Updated at 10:30 am
Following my brief and angry post last week about Simon Jenkins’ wayward accusations against scientists in The Guardian, Bill Hanage and I have written a more temperate but no less strongly felt response that has appeared in today’s paper (page 33 if you have a copy).
The article has now appeared online (thanks to Richard for spotting it – see comments) but here below is the copy that we submitted (the printed version was slightly curtailed in the edit). I’ve also restored our original title since I prefer it to the one used by the paper (‘We’re not on a pedestal: peer review keeps scientists grounded.’)
Pedestals are not part of the scientific apparatus
Simon Jenkins is dismayed by reports of the lax behaviour of some IPCC scientists and the allegations of some stem cell researchers that their work is being held up by rivals during peer review. Conflating these stories with his ill-founded distrust of epidemiology he paints a grim picture of science and scientists as corrupting and corruptible: “They cheat. They make mistakes. They suppress truth and suggest falsity, especially when a cheque or a plane ticket is on offer.” According to Jenkins, the profession is a dangerous ‘clerisy’ that “wants the public to regard its role in society and the economy as axiomatic — with no obligation to prove it.”
If Jenkins aimed his rhetorical flourishes to get a rise out of scientists then, judging by the comment thread beneath the online version of his article, he succeeded admirably. The howls of protest are not so much from righteous anger however, as our frustration with his misrepresentation of the scientific process. Jenkins is an intelligent writer with an avowed love of popular science: why then does he have so little appreciation of how science really works? His closing statement betrays the scale of his misunderstanding: “Only when science comes off its pedestal and joins the common herd will it see the virtue of self criticism.”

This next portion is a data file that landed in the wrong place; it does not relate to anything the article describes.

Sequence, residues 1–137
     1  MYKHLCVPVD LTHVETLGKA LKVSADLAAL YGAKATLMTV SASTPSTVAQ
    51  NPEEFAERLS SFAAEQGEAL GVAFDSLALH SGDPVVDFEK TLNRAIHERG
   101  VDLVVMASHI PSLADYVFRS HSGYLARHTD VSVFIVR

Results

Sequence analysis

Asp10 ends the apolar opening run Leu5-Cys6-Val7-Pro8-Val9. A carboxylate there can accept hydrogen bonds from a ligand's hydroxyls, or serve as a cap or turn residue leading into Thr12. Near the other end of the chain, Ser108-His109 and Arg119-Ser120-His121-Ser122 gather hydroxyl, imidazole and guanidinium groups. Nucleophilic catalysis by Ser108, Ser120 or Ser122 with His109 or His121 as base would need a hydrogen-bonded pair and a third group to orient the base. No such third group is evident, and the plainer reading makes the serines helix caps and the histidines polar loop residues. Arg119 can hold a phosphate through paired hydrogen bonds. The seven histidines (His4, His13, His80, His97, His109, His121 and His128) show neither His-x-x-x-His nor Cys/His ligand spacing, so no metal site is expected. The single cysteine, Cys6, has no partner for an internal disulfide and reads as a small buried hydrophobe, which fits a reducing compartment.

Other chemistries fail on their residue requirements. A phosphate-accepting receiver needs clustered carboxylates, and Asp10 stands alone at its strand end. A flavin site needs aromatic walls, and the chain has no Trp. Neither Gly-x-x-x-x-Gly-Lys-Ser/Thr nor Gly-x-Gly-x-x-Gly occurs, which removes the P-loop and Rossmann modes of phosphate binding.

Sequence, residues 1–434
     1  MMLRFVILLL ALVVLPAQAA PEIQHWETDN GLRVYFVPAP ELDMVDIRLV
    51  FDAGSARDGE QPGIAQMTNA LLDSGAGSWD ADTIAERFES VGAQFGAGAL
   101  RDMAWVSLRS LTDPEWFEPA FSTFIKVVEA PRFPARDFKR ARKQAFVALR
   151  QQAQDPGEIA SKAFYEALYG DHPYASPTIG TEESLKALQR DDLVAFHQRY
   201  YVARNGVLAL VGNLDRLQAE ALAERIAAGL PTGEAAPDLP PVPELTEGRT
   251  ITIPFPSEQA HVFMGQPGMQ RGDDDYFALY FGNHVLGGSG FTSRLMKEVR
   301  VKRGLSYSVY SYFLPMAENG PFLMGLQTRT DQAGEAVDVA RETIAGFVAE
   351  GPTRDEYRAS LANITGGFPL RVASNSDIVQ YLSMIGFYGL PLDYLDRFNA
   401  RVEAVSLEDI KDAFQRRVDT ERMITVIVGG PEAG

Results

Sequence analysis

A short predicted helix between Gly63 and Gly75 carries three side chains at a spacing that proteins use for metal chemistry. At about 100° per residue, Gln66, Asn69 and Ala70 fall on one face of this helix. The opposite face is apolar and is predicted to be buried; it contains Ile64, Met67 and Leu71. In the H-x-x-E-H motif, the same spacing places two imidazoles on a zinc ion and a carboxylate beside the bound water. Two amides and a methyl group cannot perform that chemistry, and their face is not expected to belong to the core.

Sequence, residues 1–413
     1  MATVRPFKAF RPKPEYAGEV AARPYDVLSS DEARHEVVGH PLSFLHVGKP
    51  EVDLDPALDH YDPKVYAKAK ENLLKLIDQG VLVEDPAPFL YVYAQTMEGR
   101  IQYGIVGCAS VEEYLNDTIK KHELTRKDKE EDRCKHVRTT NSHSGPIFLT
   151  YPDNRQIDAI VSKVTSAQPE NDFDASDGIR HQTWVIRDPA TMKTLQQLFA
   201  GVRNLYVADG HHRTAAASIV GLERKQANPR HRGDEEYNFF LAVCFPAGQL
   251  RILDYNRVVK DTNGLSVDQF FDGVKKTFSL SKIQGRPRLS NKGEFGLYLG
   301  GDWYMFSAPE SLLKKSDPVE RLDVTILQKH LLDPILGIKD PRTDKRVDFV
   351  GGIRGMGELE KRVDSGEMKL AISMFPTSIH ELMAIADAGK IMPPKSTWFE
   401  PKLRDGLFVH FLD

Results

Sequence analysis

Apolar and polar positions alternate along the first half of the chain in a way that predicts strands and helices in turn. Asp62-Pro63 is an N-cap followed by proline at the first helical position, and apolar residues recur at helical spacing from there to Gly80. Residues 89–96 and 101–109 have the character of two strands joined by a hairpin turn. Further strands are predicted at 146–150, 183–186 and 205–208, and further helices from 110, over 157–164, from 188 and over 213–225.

If he had taken the trouble to talk to some real scientists, Jenkins would have discovered that very few are sat on pedestals—the vast majority live and breathe in a daily scrum with our intensely sceptical colleagues, whom we must convince of the logic and quality of our experiments. The fear of being found wanting by your peers is a powerful incentive for exactly the self-criticism Jenkins claims is lacking. We have no experience of the “two decades of uncritical flattery” that he alleges to have blunted scientific rigour. The peer-review process, unique to science, may be an imperfect and controversial mechanism for weeding out error but it is a powerful one. The great strength of science in the long run is its ability to transcend the acknowledged frailties of individual scientists. This is clearly seen in the fact that most of their mistakes are unearthed not by journalists or sceptical bloggers but by other scientists.
Jenkins might also have learned that scientists are a heterogeneous and rambunctious lot—people in white coats should not be mistaken for sheep. Popular science can sometimes give the mistaken impression that science is a linear progression from ignorance to glossy fact. But no human endeavour ever works so smoothly or can claim to be perfect. Science is not above criticism or argument— it is our stock-in-trade—but if you are going to take swipes at it, Mr Jenkins, you should take a harder look at the evidence.
The fact remains that science offers us the best hope of informing society’s difficult choices in an uncertain world, so it is important that scientific knowledge is communicated accurately to the public. Scientists are not in the business of handing down incontrovertible truths. We deal in observations and theories, couched in uncertainty and bracketed by error bars, to produce our best models of how the world works. Science is a messy and difficult business so the explanations that we have to offer are not always easy to digest. Talk to real scientists about their work and you will frequently find yourself deep within a narrative that is swathed in caveats and unknowns. These complex stories demand good communicators; scientists could do better at this themselves but we also need to enlist the help of talented writers who will take the trouble to engage with the reality of science. Mr Jenkins, we need to talk.